The 998 kg (launch weight) (565 kg in orbit) Mariner IX was launched to the red planet Mars on 30th May 1971 and reached the planet on 13th November 1971 becoming the first spacecraft to orbit another planet! Mariner 9’s arrival in orbit was greeted by a planet-wide duststorm, but the orbiter sat out the storm and started to map the planet. In January 1972, the first sections of the 4000 km long & 100 km wide Vallis Marineris rift valley were photographed. The ‘discovery’ of these geological features transformed our view of Mars and scientists regained a strong intrest for the red planet as it could be the place that once harboured life. Mariner 9 performed 698 revolutions during 350 Earth days of operation. After 7330 photos, the mission was over and Mariner 9’s orbit was believed to be stable for half a century, satisfying international planetary quarantine requirements…
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Guest_PhilCo126_*
post Jul 6 2008, 11:54 AM
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Well, after Mariner IX comes Mariner X

The 503 kg Mariner 10 spacecraft, launched on 3rd November 1973, was the first to make use of an interplanetary gravitational sling-shot maneuver, using the planet Venus to bend its flight path and bring its perihelion (point closest to the Sun) down to the first rock from the Sun, planet Mercury's orbit. Venus flyby occurred in February 1974 and Mariner 10 flew by Mercury in March + September 1974 and later in March 1975…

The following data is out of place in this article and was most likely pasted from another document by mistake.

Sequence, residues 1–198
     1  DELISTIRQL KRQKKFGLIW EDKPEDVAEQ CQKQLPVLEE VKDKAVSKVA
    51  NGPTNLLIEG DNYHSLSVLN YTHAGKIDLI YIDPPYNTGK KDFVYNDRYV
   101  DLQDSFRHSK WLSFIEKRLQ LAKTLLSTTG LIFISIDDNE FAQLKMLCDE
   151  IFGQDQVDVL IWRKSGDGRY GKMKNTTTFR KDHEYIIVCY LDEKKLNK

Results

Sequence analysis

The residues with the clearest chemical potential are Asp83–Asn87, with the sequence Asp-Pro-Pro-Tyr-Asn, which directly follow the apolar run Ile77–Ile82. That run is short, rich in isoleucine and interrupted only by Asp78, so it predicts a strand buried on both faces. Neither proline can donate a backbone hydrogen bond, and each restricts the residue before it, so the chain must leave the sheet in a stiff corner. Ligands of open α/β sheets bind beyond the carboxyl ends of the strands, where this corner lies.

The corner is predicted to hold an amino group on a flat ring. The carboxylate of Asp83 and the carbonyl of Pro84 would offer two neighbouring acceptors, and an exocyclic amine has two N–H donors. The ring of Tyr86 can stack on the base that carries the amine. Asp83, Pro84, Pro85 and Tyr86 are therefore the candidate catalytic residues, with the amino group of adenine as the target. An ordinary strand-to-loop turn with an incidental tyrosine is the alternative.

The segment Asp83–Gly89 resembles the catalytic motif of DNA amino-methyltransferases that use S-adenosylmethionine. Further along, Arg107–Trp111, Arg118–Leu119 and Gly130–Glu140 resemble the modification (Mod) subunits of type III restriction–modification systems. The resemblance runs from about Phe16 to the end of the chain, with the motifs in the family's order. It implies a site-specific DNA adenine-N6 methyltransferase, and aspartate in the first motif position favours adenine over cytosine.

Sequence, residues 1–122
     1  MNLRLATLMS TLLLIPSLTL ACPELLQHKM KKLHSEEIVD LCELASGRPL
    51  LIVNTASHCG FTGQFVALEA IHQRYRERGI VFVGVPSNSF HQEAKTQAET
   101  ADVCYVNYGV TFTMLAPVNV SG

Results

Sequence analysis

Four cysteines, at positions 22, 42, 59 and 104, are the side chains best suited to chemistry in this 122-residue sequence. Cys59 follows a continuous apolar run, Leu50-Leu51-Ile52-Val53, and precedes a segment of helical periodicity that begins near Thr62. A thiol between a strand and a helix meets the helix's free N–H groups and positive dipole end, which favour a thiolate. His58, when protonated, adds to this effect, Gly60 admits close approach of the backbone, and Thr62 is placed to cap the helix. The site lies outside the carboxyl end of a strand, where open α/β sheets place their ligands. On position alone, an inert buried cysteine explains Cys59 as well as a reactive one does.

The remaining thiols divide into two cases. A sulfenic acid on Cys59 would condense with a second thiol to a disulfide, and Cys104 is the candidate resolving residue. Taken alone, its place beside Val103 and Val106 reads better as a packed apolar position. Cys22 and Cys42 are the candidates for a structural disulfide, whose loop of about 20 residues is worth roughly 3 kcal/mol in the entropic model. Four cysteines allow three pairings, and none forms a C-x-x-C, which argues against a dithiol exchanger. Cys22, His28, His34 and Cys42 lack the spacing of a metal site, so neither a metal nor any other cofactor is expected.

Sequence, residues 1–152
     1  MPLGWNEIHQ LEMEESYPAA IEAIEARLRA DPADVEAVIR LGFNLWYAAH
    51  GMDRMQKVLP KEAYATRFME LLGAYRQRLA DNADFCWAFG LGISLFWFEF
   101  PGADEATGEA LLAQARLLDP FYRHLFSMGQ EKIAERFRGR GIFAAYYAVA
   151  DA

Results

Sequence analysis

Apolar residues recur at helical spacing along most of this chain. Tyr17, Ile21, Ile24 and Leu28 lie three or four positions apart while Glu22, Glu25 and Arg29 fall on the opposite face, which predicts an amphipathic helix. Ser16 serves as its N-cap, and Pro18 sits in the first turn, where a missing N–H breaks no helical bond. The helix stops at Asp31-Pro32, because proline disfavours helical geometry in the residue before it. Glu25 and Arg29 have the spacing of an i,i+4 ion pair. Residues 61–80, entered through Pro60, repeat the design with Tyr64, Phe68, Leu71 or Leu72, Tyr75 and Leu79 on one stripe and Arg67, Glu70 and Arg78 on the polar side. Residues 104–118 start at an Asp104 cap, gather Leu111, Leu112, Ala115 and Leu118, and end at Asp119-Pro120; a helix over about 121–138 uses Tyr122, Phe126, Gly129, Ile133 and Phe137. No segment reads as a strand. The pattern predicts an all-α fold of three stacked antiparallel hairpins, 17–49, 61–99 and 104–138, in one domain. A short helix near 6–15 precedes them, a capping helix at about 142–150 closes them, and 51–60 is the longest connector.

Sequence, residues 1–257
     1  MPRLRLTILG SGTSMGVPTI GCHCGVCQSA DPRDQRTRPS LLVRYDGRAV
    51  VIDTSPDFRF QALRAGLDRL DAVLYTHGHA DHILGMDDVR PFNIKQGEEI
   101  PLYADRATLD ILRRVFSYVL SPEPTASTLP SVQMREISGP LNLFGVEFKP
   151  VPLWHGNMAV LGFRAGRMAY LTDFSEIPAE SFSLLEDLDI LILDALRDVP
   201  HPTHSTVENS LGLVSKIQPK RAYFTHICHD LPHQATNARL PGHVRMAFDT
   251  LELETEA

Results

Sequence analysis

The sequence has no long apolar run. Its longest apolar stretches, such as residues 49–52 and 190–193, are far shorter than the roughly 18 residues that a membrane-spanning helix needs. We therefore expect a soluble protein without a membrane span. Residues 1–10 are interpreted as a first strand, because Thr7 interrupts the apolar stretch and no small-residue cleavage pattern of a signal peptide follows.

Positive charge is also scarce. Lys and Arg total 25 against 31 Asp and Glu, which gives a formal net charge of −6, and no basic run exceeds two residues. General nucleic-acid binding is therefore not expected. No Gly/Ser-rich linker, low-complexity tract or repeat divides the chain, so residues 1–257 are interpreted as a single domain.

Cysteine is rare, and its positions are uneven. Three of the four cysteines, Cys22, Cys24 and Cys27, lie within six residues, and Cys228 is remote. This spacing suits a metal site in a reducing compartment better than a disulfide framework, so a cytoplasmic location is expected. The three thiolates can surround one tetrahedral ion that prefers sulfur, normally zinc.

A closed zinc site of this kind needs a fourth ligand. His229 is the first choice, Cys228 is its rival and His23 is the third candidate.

Mariner 10 completed one of the most successful planetary explorations: 4 encounters in 13 months!

The other Philip
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Paolo
post Jul 6 2008, 12:00 PM
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That picture in very high resolution, plus others of Mariner 10 can be found here:
http://images.ksc.nasa.gov/photos/1973/cap...C-73P-0539.html
http://images.ksc.nasa.gov/photos/1973/cap...C-73P-0541.html
http://images.ksc.nasa.gov/photos/1973/cap...C-73P-0542.html


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I'm one of the most durable and fervent advocates of space exploration, but my take is that we could do it robotically at far less cost and far greater quantity and quality of results.

James Van Allen
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Paolo
post Jul 6 2008, 03:16 PM
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From a contemporary magazine, I have scanned and put on my website http://utenti.lycos.it/paoloulivi/pioneer1.html a sequence of images of the launch of Pioneer 1 in 1958


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I'm one of the most durable and fervent advocates of space exploration, but my take is that we could do it robotically at far less cost and far greater quantity and quality of results.